As the collectors and preservers of history, the Greater Vernon Museum and Archives has been faced with an important job to capture the trials and tribulations faced by Vernonites amid the COVID-19 pandemic.
As frustrating and uncertain these times may be now, these past few months of social distancing, N95 masks and seemingly endless closures and cancellations are history in the making.
For staff at the museum, this thought is kind of exciting in a way.
Gwyneth Evans, the museum’s community engagement coordinator and self identified history “nerd,” said this is both a scary and exciting time.
“Needless to say, living through a global pandemic is not something any of us could have prepared for and the loss of life around the world is devastating,” she said. “However, it is also thrilling for me as a student of history who is used to reading about the more dramatic moments in time — the bombing of the Twin Towers, the fall of the Berlin Wall, the Battle of Hastings…”
“To think that I can help contribute in a small way to the preservation of something that will one day mark not only Canada’s history, but the history of the world,” she said. “That is a truly exciting thought.”
In an Instagram post Friday, May 11, the museum called for signs or posters from businesses that were forced to temporarily close their doors or change their hours in response to the provincial health official’s orders to curb the spread of the novel coronavirus.
The museum’s “Capturing History” program looks to preserve records from local individuals about their experiences during these unprecedented times as the province slowly begins to reopen.
Evans said there is nothing too small or too trivial to be submitted, “as long as it highlights something about how ‘regular’ men, women and children experienced life in Vernon during the COVID-19 pandemic.”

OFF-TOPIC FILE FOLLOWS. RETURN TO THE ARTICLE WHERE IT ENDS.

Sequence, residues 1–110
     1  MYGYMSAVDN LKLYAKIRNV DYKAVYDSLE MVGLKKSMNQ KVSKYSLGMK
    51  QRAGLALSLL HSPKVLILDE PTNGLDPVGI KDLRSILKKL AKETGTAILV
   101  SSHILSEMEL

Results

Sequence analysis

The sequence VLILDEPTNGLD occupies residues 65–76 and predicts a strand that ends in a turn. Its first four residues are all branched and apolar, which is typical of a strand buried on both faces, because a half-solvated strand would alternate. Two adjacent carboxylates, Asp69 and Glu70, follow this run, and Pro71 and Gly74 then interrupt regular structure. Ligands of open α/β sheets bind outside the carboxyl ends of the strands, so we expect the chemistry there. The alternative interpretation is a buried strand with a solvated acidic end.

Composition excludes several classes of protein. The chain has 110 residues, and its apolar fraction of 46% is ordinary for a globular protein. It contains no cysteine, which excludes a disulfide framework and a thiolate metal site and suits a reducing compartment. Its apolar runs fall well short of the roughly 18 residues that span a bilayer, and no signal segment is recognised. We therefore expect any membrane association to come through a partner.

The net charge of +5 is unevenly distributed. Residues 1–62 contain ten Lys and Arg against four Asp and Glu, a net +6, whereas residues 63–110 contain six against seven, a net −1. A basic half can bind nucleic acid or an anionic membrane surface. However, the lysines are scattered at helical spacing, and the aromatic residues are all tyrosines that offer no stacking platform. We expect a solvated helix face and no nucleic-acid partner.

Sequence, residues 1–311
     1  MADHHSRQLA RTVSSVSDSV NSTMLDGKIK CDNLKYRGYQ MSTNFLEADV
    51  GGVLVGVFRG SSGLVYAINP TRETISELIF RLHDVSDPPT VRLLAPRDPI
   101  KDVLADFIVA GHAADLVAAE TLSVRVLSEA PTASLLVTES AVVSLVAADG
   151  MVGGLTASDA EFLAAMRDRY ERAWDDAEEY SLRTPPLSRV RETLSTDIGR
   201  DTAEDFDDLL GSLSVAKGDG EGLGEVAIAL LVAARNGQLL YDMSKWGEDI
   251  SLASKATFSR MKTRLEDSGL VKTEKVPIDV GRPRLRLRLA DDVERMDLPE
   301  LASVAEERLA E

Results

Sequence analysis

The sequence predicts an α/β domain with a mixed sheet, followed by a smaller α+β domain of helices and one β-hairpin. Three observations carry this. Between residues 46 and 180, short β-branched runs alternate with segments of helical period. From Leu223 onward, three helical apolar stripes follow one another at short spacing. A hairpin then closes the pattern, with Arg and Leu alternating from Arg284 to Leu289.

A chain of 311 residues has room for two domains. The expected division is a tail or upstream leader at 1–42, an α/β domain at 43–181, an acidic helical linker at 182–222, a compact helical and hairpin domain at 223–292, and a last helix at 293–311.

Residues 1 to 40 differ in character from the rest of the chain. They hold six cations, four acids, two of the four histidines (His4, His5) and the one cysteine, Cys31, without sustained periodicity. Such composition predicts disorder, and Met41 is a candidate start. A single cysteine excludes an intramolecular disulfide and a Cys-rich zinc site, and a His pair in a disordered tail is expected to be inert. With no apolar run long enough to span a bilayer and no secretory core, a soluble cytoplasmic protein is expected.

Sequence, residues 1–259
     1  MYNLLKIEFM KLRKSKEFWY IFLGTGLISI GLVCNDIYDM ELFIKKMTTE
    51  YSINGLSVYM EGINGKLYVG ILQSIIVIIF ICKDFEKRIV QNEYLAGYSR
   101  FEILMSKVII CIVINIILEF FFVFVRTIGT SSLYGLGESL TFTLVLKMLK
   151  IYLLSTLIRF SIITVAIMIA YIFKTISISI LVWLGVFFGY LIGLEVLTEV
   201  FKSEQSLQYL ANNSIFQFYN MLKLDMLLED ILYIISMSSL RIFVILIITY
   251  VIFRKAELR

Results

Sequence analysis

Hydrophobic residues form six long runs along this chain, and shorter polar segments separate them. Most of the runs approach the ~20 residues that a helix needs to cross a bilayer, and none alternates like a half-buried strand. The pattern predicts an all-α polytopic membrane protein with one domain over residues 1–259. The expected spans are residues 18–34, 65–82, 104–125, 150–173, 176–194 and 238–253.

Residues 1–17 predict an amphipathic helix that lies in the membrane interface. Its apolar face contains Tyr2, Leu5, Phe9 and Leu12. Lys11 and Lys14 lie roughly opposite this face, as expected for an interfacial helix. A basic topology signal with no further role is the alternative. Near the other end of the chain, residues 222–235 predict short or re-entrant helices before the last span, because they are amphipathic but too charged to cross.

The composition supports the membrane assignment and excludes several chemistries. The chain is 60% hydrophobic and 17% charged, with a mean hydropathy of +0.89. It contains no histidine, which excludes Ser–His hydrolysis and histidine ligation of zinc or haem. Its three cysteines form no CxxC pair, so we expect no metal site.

“You never know what might be important to someone in the future,” Evans said.
She pointed to Hugh Mackie’s record of the polio epidemic in 1927 as an example.
“How could he have ever known that 93 years in the future, people in the Okanagan would be turning to his accounts for comfort, for a reminder that Vernon has weathered — and emerged stronger — from other epidemics in the past?” She said.
That’s what makes collecting documents that many would normally just toss away exciting, she said.
“But also such a huge responsibility.”
“Maybe — though, hopefully not — someone will be seeking comfort during another pandemic years down the road, or maybe in 2032,” she said. “A 12-year-old child will come to the museum looking for records about the pandemic that happened the year he was born to present at a Heritage Fair. You just never know.”
Questions Evans finds herself asking now tasked with collecting history sound like, “Will the records I save reflect a wide array of individual experiences? Am I going to be skewing how the history of this time is seen in the future?,” she said.
“And the pandemic is not even over,” she said.
This is why she and the museum are asking for input from the public.
The museum is accepting posters or signs from businesses and even hearts or messages to frontline workers that were displayed on doors and windows during the COVID-19 pandemic.
Public submissions are also accepted online through the Capturing History project at okcreateonline.com.
“The more people contribute, and the less we contribute ourselves, the better we can capture as wide a reflection as possible of this pivotal time in history,” Evans said.